Portable abdominal CT goes to ICU patients

January 7, 2005

Intensive care unit patients cannot benefit from abdominal CT until they become stable or fit for transport. Portable CT scanners deployed at the bedside, however, may provide valuable diagnostic information and reduce transportation risks.

ntensive care unit patients cannot benefit from abdominal CT until they become stable or fit for transport. Portable CT scanners deployed at the bedside, however, may provide valuable diagnostic information and reduce transportation risks.

Dr. Michael M. Maher and colleagues at Massachusetts General Hospital have found that the portable scanners can obtain important diagnostic information about the abdomen without moving patients out of the ICU (AJR 2004;183:663-670). The images cannot compete in quality with those produced by conventional scanners, however.

The study did not compare portable CT with other bedside imaging techniques. Most institutions consider ultrasound more readily available and less cumbersome. Ultrasound provides valuable insight in the liver, gallbladder, kidneys, pleural space, and some of the abdominal vascular compartments. Its ability to provide diagnostic-quality images of the abdomen and pelvis in ICU patients, however, is compromised by bowel obstruction and the presence of dressings and monitoring devices.

In addition, many of the conditions that necessitate diagnostic imaging in ICU patients are not well imaged by ultrasound, including interloop abscess and hemorrhage. Portable CT is effective in the diagnosis of these conditions.

Maher and colleagues retrospectively reviewed 122 single-slice spiral portable abdominal CT scans and 41 single- and four-slice spiral stationary CT scans. Although intravenous contrast improved portable CT scanning, its quality scores were consistently lower than those for stationary CT, both with and without contrast. Findings on portable CT, however, confirmed 33 conditions suspected before scanning, detected evidence of infection in 18 patients and hemorrhage in 16, and led to seven laparotomies and six percutaneous drainage procedures. Portable CT influenced a change in patient management in 33 cases, and surgery or autopsy results confirmed portable CT findings in 12 of 17 cases.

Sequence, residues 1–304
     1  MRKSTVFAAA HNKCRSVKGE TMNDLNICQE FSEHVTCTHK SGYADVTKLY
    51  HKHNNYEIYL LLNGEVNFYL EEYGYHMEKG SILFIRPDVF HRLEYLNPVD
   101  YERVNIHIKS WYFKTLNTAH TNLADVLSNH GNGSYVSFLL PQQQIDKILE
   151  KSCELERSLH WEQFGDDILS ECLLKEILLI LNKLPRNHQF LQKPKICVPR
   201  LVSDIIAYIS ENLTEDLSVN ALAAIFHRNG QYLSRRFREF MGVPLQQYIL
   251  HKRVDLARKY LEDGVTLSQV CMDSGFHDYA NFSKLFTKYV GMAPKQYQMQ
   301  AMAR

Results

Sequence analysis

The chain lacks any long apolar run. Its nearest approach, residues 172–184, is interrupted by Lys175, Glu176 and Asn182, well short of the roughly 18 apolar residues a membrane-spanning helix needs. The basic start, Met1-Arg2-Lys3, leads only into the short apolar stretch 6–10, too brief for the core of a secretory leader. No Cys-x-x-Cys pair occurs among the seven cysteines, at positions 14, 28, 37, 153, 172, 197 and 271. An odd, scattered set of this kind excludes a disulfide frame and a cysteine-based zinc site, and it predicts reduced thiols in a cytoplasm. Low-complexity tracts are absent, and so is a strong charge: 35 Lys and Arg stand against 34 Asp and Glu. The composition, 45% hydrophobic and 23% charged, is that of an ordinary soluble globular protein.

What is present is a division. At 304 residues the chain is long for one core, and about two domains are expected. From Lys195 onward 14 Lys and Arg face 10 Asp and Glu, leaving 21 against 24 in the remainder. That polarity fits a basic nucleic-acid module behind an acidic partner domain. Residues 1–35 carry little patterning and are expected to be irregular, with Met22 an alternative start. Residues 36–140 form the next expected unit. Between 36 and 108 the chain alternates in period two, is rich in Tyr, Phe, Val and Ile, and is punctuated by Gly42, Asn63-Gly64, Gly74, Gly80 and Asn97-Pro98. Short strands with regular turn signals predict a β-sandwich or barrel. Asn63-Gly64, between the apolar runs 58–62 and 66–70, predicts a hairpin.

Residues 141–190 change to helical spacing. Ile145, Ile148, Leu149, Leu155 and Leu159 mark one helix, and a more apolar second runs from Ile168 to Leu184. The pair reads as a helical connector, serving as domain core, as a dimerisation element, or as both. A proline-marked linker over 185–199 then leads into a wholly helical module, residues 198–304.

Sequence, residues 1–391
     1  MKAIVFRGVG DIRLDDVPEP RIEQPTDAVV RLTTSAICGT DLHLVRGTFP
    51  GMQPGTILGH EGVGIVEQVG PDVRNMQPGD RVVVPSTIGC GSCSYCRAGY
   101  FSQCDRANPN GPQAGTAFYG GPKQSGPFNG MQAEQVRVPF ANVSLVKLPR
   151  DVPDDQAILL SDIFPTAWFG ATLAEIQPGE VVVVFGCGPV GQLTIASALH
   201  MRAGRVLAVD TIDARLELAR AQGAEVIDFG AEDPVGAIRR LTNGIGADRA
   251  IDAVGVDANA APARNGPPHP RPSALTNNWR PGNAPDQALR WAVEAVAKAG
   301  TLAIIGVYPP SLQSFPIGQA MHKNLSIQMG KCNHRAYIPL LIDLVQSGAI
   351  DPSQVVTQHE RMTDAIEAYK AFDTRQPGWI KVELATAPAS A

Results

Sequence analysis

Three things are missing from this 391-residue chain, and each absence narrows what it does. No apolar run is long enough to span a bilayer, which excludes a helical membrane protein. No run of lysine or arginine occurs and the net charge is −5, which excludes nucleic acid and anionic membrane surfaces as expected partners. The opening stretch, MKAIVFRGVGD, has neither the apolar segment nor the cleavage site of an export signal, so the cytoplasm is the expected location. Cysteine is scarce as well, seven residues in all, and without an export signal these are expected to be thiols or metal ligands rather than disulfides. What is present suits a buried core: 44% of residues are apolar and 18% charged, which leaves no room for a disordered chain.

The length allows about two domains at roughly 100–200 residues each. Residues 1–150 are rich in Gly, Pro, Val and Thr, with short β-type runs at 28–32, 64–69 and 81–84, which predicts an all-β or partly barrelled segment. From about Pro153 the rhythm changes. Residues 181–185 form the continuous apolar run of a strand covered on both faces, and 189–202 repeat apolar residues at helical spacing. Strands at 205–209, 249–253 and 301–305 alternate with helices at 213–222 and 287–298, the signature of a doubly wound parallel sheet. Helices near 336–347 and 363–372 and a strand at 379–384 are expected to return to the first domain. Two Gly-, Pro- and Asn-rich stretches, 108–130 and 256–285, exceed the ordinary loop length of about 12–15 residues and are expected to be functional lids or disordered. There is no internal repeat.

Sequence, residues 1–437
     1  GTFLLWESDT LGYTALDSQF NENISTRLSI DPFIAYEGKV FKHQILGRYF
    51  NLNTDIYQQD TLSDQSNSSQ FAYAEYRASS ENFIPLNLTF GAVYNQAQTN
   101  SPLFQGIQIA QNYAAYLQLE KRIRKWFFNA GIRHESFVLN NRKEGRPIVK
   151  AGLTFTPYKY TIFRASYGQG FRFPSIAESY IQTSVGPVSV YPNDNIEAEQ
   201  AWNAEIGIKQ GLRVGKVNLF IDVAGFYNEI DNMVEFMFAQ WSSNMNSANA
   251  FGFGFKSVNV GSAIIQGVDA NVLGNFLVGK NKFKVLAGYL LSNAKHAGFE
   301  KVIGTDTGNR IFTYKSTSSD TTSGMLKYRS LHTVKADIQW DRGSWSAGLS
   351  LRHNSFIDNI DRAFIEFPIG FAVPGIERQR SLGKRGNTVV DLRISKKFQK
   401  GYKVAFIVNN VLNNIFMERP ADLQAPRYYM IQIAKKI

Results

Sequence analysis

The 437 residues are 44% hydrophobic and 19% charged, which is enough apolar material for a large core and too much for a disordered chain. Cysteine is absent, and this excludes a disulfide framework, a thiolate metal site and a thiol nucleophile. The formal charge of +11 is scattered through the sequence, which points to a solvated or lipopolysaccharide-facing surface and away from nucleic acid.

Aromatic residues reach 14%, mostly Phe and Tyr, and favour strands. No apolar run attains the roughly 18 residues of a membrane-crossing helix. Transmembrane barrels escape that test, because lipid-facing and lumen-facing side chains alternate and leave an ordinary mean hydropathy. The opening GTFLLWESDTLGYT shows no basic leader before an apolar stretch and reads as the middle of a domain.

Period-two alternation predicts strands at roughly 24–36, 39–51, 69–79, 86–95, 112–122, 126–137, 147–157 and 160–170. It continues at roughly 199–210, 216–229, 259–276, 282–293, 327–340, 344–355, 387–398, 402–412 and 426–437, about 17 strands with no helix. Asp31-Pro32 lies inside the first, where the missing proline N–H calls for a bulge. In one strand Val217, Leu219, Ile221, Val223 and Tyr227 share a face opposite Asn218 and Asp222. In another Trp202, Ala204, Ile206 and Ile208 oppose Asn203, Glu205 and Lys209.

Dr. Ulf Teichgraber and colleagues at Humboldt University in Berlin, Germany, reported on 14 portable CT chest exams of 10 ICU patients (Intensive Care Med 2003;29[3]: 491-495). Eight examinations resulted in a change in patient management within 48 hours. Seven patients were scanned in a special interventional suite in the ICU, which allowed immediate minimally invasive therapeutic interventions and provided full ICU monitoring.

Taking patients out of the ICU and into the radiology department can be disruptive and takes time away from radiology's already busy schedule, said David Martino, an executive for Schaerer Mayfield USA, a portable CT vendor. Portable CT scanning improves patient safety and cost management for the entire hospital, he said.